Though 2015 started with a bang with several state legislators filing e-cigarette tax bills, the sound being made so far is “Meep! Meep!” as e-cigarettes evade the Acme anvil of legislation.
Out of the 18 states with electronic cigarette tax bills filed, five bills have already met their demise in four of the states. Virginia’s Legislature, which adjourned in February, killed both H.B. 1310 and S.B. 1004 in committee. These bills would have imposed $0.40 (H.B. 1310) and $0.18 (S.B. 1004) excise taxes per milliliter of e-liquid.
Montana’s H.B. 579, proposing a 0.0173 cent tax per milligram of nicotine in the vapor product for each milliliter of consumable material, was officially withdrawn on March 5. The state Legislature’s website lists the bill as “probably dead.”
The bills in both Arizona and New Mexico died in committee before their legislatures adjourned on April 3 and March 21, respectively. Neither one had made much progress. The House had only read H.B. 2596 for the first time on March 31 in Arizona; in New Mexico, S.B. 65 had been introduced and referred to a committee.
In Utah, Gov. Gary Herbert (R) signed H.B. 415 into law on March 24. The law requires licenses to sell electronic cigarettes and authorizes the state health department to create regulatory standards for packaging, labeling, content and product quality. While the governor’s budget proposal had included taxes for e-cigarettes, there are no provisions for them in the new law. Meep! Meep!
Time is ticking for other tax bills. The Legislature in Arkansas will adjourn in early May and it is currently on recess. The status of H.B. 1156, which proposes taxing e-cigarettes at $0.075 per milliliter, is still pending. On March 27, the bill was withdrawn, but the Legislature’s website says that within a minute, it was recommended to be studied by the Joint Interim Committee on House Rules.
The Indiana General Assembly is also slated to end soon; H.B. 1235 (24 percent tax imposed on the wholesale price, including the e-cigarette cartridge) and S.B. 384 ($0.0083 per milligram of nicotine in the e-liquid) are still making their way through the legislative process.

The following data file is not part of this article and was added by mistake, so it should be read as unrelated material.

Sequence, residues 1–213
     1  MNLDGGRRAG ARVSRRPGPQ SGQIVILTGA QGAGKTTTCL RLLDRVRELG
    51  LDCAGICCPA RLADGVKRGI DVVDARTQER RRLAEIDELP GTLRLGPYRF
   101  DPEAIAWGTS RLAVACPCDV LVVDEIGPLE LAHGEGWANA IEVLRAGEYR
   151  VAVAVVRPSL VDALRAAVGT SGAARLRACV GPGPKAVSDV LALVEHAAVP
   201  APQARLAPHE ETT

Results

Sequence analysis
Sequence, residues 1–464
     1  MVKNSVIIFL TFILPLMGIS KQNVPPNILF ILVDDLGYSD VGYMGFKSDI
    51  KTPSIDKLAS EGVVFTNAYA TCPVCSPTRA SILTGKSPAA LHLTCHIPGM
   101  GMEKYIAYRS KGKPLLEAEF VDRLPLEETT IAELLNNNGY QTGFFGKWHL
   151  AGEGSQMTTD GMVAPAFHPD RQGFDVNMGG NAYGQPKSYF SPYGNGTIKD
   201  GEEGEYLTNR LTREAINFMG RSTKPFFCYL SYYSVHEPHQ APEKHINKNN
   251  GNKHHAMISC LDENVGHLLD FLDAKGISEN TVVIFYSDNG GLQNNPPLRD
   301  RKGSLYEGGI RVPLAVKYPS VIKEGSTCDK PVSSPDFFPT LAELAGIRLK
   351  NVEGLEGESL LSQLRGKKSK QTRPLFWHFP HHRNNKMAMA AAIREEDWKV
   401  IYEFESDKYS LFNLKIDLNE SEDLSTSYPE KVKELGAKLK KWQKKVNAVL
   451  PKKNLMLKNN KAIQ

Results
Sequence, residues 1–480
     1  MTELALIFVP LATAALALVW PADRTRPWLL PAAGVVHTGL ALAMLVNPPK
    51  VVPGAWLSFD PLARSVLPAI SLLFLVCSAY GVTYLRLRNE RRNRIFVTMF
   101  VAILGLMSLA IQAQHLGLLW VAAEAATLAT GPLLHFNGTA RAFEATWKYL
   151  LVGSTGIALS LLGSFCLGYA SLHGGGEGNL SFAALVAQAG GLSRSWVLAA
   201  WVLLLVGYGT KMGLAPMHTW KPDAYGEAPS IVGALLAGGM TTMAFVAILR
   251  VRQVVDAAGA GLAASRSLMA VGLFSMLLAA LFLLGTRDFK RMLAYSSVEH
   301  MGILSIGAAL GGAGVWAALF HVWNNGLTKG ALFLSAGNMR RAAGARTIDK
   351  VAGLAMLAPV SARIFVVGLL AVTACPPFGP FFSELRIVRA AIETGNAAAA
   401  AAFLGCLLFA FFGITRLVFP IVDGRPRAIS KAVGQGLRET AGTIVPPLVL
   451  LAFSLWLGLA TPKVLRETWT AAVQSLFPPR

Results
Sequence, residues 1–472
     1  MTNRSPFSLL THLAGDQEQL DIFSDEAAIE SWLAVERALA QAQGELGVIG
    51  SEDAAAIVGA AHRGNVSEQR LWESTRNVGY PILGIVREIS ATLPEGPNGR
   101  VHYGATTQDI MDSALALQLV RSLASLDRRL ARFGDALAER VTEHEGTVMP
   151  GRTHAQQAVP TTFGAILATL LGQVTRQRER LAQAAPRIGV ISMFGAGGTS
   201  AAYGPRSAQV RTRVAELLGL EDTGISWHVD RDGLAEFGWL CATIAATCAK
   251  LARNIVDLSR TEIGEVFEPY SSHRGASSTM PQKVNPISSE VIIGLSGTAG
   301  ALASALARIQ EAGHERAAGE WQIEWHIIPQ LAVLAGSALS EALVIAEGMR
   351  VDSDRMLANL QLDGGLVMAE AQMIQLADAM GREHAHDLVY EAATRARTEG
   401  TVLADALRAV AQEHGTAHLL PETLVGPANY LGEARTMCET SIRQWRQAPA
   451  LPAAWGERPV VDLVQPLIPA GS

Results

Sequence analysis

E-cigarette industry officials continue to be vigilant, however. Bloomberg BNA attended the ECig East Coast Industry Conference taxation focus event on March 30 in Washington, where participants voiced concerns over the structure of current e-cigarette excise taxes in Minnesota and North Carolina, as well as future legislation.
And they have reason to do so. Even though five bills have been stopped, legislation is still pending in several states, and governors in Washington, Pennsylvania, Utah, Louisiana and New Hampshire have called for taxing e-cigarettes in their budget proposals. Additionally, on April 2, D.C. Mayor Muriel Bowser (D) submitted her budget plan, which includes taxing e-cigarettes, to the D.C. Council. Her plan would subject electronic cigarettes to the same tax treatment as other tobacco products.
Not to be forgotten is the Food and Drug Administration’s proposal to regulate e-cigarettes, which was released last April. When asked about this at the ECig conference, NJOY Premium Electronic Cigarettes’ Director of External Relations Brian Fojtik said that nobody can predict the upcoming decision, as he believes the FDA itself is genuinely struggling over how treat the products.
Until the FDA makes a decision, viewers must stay tuned to see what legislative Acme tools Wile E. Coyote still has in store for the E-Cigarettes Road Runner.
Continue the discussion on Bloomberg BNA’s State Tax Group on LinkedIn: What are your predictions for state and federal e-cigarette tax regulations?
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by Laura Lieberman
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